Another story, one that he repeated twice during the one-week trace fossil course (which already tells you that its lesson is important) was that of another meeting with a colleague at a conference, who tore into Seilacher’s just-given talk on trace fossils from some site in Jordan or Morocco or so (sorry, the message got across so well that I forgot the details). The colleague informed Seili that he had been to the very same rock exposure the summer before and had found plenty of trilobite body fossils, which Seilacher said didn’t occur there, but nary a one of the trilobite traces (Cruzianas) that Seili had talked about. He must, insisted the colleague, have mixed up the cliffs and formations! Seili, on the other hand, was quite adamant that yes, he was quite able to read a map, thank you very much, and that he was quite sure of the place and formation. The two of them parted with the conflict unresolved, but with an agreement that would allow a solution to be found a while later: that they would meet there and check out the place together. When they actually managed to make the joint field work happen, they found that they had indeed been talking about the same place. Now, one went left, the other right, to hunt for fossils. Thirty minutes later them met again. Unsurprisingly, Seilacher’s backpack was full of trace fossils. However, his colleague had a backpack full of trilobites! Having seen each other’s spoils, they now changed sides – and golly, the place was indeed full of both body fossils and traces! Lesson learned: collection bias is much stronger than even the most experienced researchers will be ready to believe!
Seili had many idiosyncrasies that make for great story-telling, foremost that one could never know if he was being serious, or making an important point in an elaborate way – or simply pulling one’s leg! A certain playfulness and sense of humour also pervaded his scientific work, most notably expressed in some of the species epithets he coined. Asteriacites gugelhupf is a track made by a suspension feeder from the Carboniferous of Egypt, the bilobed scratch pattern of the upturned arms suggests an asteroid rather than a brittlestar. Seilacher named the trace, because of its similarity in shape, after a cake that is a favourite for birthdays in Germany. Such names that were driven by everyday connotations and associations crop up quite often in his works, as well as other versions of “speaking names”. To Seilacher, science and everyday life were not separated, but one, and while some may see some of his work as science outreach, to him it was just natural, and communicating science to non-scientists came natural to him.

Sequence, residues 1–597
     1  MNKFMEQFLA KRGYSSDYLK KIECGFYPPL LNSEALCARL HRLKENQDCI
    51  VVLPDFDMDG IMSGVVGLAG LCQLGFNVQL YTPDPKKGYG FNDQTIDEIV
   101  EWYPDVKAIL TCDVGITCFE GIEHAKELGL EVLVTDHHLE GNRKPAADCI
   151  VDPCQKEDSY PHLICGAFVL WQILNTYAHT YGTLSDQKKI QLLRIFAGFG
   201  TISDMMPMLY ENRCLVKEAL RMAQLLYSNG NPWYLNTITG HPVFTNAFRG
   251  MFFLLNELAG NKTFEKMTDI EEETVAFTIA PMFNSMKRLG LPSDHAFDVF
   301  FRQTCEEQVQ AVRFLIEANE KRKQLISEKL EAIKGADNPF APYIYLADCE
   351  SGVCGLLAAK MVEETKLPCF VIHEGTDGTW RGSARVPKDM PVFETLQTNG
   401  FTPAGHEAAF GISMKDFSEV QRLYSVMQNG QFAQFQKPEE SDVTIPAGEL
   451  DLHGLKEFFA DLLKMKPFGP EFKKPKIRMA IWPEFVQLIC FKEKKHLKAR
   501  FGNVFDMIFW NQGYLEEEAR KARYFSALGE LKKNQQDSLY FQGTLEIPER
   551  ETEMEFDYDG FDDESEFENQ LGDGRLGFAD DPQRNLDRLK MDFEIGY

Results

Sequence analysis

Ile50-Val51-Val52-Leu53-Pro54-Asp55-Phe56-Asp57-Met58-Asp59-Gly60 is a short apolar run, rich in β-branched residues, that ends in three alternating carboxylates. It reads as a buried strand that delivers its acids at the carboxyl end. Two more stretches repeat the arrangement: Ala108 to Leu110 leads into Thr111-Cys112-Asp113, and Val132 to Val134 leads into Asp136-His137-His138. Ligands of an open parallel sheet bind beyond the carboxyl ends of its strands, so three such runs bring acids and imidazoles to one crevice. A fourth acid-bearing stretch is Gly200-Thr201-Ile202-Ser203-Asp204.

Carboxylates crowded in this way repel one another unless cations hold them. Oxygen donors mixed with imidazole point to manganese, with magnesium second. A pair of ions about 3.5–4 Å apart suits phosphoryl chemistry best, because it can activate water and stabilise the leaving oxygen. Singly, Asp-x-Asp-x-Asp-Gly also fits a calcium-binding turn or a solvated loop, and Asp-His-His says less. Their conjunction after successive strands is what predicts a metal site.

Others way more qualified than I will have much to say about Seilacher’s scientific work, his impact on palaeontology and ichnology, his Crafoord Prize and so on. I’ll just quickly note a huge part of his life effort that falls squarely within the outreach category, and has had a profound impact on the perception of palaeoichnology: the Fossil Art exhibition. This travelling exhibition takes casts of trace fossils and presents them as if they were works of art – accompanied by short texts succinctly explaining what they are. The overall presentation always has the character of an art exhibit, and Seilacher and his collaborator, Tübingen preparator (or should I say preparation magician?) Hans Luginsland selected mostly specimens with an immedatie artistic appeal. The latest version of the catalogue book for the exhibition is available in German from Schweizbart. You can find (low quality) photographs and details on many of its panels it on this page that accompanied a previous stop in Denmark. The most famous one, I guess is this one with plenty of Cruziana on it.